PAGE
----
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Discussion Starter · #1 ·
It appears that shifting the blame is the name of the game for Netflix and major movie studios. When it comes to the crop controversy that flared up last week, there is still no definitive answer as to why the Netflix catalog is inconsistent when it comes to "letterbox" presentation of movies.


Sometimes, cropping to a 16:9 aspect ratio can make a character disappear.

"Super 8" example taken from " What Netflix Does "



After a Tumblr blog called " What Netflix Does " pointed out that some wide-aspect Netflix catalog titles were not presented in their original aspect ratio—a post that quickly became a news story—the company responded by claiming, "We don’t crop." In fact, a Netflix spokesperson went further, claiming that Netflix wants to show movies in the original aspect:
Quote:
"We want to offer the best picture and provide the original aspect ratio of any title on Netflix. However, unfortunately our quality controls sometimes fail and we end up offering the wrong version of a title. When we discover this error, we replace that title as soon as possible." — Netflix

I thought that response was the end of the story, but the truth might be a bit more elusive. A recent article on Flavorwire titled " Netflix, Studios Have Very Different Explanations for Widescreen Cropping " makes the point that studios only aim to fulfil the wishes of their customers, providing whichever format gets requested.
Quote:
"That’s understandable; these are delicate relationships, and no one wants to rock the boat (even Netflix’s statement doesn’t explicitly throw the studios under the bus). But one studio source, speaking to Flavorwire under the condition of anonymity, told us that they deliver content according to the specifications requested by their partners. So it’s not just that Netflix is saddled with whatever the studios give them; they’re often getting exactly what they’re asking for." - Flavorwire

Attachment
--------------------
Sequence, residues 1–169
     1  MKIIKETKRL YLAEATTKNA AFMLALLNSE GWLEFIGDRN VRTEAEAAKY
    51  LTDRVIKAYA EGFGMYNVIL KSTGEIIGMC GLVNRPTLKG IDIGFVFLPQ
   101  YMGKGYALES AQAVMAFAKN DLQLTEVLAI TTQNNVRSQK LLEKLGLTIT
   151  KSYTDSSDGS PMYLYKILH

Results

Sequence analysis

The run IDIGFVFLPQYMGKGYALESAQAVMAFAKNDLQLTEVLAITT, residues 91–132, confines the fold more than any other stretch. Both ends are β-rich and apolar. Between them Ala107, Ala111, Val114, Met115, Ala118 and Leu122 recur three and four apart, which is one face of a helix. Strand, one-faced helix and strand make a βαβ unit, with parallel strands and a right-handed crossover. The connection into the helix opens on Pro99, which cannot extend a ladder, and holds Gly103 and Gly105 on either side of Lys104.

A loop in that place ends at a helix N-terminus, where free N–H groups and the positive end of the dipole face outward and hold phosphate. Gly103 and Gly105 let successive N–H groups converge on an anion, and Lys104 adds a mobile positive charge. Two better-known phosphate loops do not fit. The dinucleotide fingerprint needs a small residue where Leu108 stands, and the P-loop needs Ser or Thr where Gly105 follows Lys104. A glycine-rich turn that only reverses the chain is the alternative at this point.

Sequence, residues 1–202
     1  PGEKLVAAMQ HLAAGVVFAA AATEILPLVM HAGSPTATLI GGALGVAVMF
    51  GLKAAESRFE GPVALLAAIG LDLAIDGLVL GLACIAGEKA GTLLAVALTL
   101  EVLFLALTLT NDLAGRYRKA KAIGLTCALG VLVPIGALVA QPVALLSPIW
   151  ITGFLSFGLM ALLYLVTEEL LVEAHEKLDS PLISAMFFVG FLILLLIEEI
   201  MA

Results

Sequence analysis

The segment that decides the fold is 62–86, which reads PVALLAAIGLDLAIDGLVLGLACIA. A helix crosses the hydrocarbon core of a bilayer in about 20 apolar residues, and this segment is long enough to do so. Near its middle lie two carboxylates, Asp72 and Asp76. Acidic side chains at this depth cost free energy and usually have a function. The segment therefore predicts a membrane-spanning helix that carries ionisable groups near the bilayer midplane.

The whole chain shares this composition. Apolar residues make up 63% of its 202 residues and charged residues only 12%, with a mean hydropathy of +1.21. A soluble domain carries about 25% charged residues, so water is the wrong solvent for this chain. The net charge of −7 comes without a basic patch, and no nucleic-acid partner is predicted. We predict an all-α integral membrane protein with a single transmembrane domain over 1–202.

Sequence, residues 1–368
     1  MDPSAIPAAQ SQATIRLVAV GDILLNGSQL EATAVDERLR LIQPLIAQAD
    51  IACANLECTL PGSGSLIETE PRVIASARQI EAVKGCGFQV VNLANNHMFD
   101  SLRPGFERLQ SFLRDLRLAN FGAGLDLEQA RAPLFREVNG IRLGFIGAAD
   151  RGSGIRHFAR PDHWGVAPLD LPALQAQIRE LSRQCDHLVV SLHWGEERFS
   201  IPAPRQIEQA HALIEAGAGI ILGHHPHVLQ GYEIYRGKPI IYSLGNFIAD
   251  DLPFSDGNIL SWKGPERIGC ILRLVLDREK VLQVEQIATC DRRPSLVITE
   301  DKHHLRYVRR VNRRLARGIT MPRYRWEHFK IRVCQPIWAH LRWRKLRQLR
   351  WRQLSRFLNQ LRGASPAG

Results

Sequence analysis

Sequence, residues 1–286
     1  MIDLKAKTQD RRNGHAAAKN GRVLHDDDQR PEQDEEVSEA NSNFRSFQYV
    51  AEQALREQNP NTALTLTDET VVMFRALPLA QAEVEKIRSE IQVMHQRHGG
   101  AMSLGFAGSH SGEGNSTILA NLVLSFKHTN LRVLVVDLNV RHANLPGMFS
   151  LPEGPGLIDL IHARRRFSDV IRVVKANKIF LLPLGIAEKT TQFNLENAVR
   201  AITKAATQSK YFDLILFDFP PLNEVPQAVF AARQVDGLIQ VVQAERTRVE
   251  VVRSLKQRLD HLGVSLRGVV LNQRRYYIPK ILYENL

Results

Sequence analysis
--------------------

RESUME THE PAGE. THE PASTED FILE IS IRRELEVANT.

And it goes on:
Does Netflix request widescreen-presentation movies in a 16:9 cropped format? Although there are no official statements to that effect, "What Netflix Does" continues to post examples of popular movies with cropped presentation.


It may well be that Netflix decided to follow HBO instead of Showtime when it comes to standard policy regarding cropping films. Showtime made a big deal out of its original aspect ratio presentation of films, while HBO chose to use nothing but 16:9 aspect versions of films for TV broadcast.


I wanted to see the cropping for myself. I headed over to Tumblr and found the most recent example for U.S. Netflix – Super 8, directed by JJ Abrams and produced by Stephen Spielberg. I can confirm it is cropped.


Personally, I am opposed to cropping for 16:9 format. It seems that Netflix is not yet on top of things concerning original aspect ratio. Is Netflix the wrong place to expect a cinematic experience that is consistent with the director's artistic vision? Or is it just a matter of bringing these "mistakes" to its attention?

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Cinemax is showing oar of man with iron fists hbo is showing oar of magic mike epix does oar of lionsgate and mgm content. Older paramount movies are oar. Netflix needs to take a page from amazon vudu and cinema now. They don't care about oar just original tv shows.
 

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Discussion Starter · #3 ·

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Originally Posted by Kascnef82  /t/1483567/netflix-and-film-studios-quibble-about-crop-who-is-responsible#post_23575566


Cinemax is showing oar of man with iron fists hbo is showing oar of magic mike epix does oar of lionsgate and mgm content. Older paramount movies are oar. Netflix needs to take a page from amazon vudu and cinema now. They don't care about oar just original tv shows.

Then Netflix probably should not have released the statement, claiming it does care and wants to "fix this error."
 

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I wonder if the studios price things to netflix differently? (think rental disc with advertisements vs full retail version).
 

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I don't have Netflix (or any other streaming service), but from what I've read, I blame the studios, after all, THEY are the ones providing the source material to the company.
 

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Given Netflix's track record in relation to their shinny disk customers, why would anyone expect them to have a better attitude toward their streaming customers. Their business plan is plainly aimed at the lowest common denominator.


The Netflix disclaimer has holes big enough to drive an air craft carrier through. The studios statement does too. Netflix wants to pay as little as possible, and the studios want to charge for each viewing.


It may be that the DVD/Blu-ray era will be looked at as the Golden Age of home movie viewing.
 

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Quote:
Originally Posted by Albert71292  /t/1483567/netflix-and-film-studios-quibble-about-crop-who-is-responsible#post_23576433


I don't have Netflix (or any other streaming service), but from what I've read, I blame the studios, after all, THEY are the ones providing the source material to the company.